As depicted by the dashed line labeled 68 in FIG. 17 the pressure plate 68 within the inner compartment 60 is preferably shaped to fit along the preferred pressure area on either side of the ridge 20 with an enlarged pressure pad 72 over the shoulder area of the horse at 74. The configuration of the pressure plate 68 of FIG. 17 is that which would be employed primarily with an English saddle. For a Western saddle (with its tree 22 with broad and elongated sidepieces 28), a second pressure pad 72 is preferred at the opposite end of the plate 68 to support the back ends of the tree 22. The plate 68 is intended to transmit forces applied thereto at points to a broad area under the plate 68. To accomplish this, it is preferred that the plate 68 be formed of a resiliently rigid material such as metal, fiberglass, plastic, or the like. To keep weight down, it should be lightweight. Thus, if metal is used, a light stainless steel or aluminum would be preferred. A slat of one of the modern carbon fiber materials, or such, would probably work well; but, would add considerably to the cost. The material has the additional requirement that it be of a thickness which will allow it to torsionally deform to the contours of the horse's back and shoulder areas. If it cannot do that, there would be no functional difference from that of the thick, rigid Western tree's sidepieces as described above. As those skilled in the art will readily recognize and appreciate, a slat of aluminum shim stock employed as the pressure plate 68 would readily twist to conform to the contours of the horse's body; but, would transmit forces over the entire plate 68, as desired.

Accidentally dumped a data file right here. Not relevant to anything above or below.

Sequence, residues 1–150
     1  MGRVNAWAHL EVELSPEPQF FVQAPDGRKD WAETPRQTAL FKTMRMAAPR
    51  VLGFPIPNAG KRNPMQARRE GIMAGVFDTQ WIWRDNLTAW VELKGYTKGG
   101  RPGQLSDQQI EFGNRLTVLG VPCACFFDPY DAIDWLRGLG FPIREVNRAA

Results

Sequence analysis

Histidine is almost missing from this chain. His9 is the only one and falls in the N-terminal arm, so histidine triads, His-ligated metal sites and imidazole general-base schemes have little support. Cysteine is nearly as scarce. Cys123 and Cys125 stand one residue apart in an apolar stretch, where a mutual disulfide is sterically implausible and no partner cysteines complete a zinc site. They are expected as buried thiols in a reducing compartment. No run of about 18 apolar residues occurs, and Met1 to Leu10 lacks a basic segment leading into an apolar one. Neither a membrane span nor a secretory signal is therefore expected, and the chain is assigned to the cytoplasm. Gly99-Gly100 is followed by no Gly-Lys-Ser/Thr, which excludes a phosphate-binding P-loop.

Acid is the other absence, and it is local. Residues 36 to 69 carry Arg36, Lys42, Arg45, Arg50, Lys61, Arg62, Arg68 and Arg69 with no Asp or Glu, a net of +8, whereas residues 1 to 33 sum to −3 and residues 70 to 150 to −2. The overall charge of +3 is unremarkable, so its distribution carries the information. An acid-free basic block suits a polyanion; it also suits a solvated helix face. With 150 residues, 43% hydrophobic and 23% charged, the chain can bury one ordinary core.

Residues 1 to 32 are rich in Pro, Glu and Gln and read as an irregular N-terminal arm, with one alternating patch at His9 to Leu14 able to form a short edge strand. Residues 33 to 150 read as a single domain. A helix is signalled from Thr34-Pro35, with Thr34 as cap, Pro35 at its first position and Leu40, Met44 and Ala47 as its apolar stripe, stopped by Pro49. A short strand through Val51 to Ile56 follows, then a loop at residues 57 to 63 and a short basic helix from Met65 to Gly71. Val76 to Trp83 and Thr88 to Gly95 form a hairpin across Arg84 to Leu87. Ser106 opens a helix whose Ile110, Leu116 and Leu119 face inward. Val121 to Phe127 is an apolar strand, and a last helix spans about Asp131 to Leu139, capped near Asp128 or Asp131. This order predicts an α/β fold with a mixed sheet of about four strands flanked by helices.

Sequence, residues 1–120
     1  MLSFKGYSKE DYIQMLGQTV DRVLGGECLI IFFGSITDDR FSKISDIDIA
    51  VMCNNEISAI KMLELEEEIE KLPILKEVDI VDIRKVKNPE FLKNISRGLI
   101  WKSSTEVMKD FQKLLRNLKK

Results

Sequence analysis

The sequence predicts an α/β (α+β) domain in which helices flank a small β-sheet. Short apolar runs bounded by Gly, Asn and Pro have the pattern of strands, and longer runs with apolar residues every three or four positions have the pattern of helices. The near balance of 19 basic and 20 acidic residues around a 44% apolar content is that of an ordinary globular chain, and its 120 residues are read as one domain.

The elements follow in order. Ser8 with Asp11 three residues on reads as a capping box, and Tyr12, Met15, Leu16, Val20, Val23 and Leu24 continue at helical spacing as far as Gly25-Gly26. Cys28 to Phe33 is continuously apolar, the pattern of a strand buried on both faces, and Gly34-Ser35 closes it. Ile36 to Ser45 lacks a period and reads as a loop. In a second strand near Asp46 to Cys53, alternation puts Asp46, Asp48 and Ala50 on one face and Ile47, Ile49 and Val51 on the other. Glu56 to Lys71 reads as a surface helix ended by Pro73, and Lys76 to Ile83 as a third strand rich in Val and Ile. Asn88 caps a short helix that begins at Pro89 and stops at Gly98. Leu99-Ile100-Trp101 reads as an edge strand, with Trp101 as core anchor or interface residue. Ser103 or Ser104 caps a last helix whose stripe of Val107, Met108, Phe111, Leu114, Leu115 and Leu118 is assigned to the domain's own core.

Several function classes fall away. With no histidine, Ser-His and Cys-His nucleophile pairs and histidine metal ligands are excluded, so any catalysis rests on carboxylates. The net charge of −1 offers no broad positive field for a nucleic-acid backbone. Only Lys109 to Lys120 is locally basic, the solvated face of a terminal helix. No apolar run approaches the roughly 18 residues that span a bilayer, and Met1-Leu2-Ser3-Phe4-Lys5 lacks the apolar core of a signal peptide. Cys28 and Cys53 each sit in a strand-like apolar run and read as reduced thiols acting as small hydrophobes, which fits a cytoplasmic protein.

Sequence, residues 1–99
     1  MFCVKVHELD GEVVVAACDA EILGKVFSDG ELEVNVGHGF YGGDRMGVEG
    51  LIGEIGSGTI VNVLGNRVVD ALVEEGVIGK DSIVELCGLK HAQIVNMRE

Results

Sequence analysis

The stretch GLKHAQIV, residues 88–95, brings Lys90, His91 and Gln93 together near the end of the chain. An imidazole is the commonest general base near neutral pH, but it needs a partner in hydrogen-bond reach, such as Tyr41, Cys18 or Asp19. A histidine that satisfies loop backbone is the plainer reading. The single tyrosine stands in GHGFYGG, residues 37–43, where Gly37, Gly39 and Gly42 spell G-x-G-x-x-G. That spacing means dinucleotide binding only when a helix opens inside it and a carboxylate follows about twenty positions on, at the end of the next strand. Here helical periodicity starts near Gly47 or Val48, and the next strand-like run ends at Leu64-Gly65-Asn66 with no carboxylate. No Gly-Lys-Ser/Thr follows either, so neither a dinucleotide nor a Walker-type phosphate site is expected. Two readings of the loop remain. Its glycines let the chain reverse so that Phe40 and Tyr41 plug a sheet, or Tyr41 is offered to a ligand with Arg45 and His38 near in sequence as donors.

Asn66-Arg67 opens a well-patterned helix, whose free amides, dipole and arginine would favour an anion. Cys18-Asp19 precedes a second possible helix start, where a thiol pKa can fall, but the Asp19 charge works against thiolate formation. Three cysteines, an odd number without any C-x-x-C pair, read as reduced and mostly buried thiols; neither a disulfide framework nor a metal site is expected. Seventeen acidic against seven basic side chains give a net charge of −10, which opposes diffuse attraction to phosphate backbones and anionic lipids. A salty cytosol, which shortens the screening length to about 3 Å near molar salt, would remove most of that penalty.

With nothing more than the portions thereof described to this point, the pad 36 of this invention would provide a substantial improvement over prior art saddle pads. The aspect now to be PG,14 described adds an additional large measure of correctiveness to the pad 36. As depicted in FIGS. 19-21, the outer compartment 62 is filled with a transfer fluid gel 70. The fluid gel 70 is a fluid and, therefore, it is preferred that the fluid gel 70 be contained in a leakproof container. As depicted in FIG. 23, the fluid gel 70 could be provided in packets 76 of a thick polypropylene plastic, or the like. As depicted in FIGS. 19-21, one or more packets 76 could be sewed (as by the stitching 66) into the outer compartment 62. The choice of one or more packets 76 is a function of the amount of fluid transfer for compensation purpose that is desired. Where the horse will be constantly at a walk (as in trail riding) the conformation of the horse's back will probably remain fairly constant and, therefore, more localized packets 76 of a thinner construction will probably be preferred. By contrast, where the horse may be walking, loping, or galloping, a single packet with a larger amount of fluid gel 70 therein could prove to be more adaptive to changes in back conformation such as the flattening of the back that takes place during extension).
A preferred construction for the portions 42, 44 is shown in FIG. 22. In this embodiment, there is access to the outer compartments 62 through an opening along the top edge at 78 which is covered (and closed) with a thin flap 80 having touch fastener material (not shown) along its bottom edge for holding the flap 80 in a closed position. As thus configured, packets 76 of the fluid gel 70 can be inserted into the outer compartments 62 as necessary for different horses and different riding conditions. In such an embodiment, it may be desirable to place the packets 76 in a cloth covering also having touch fastener material thereon to interact with mating touch fastener material within the outer compartments 62 and other packets 76 to prevent shifting thereof.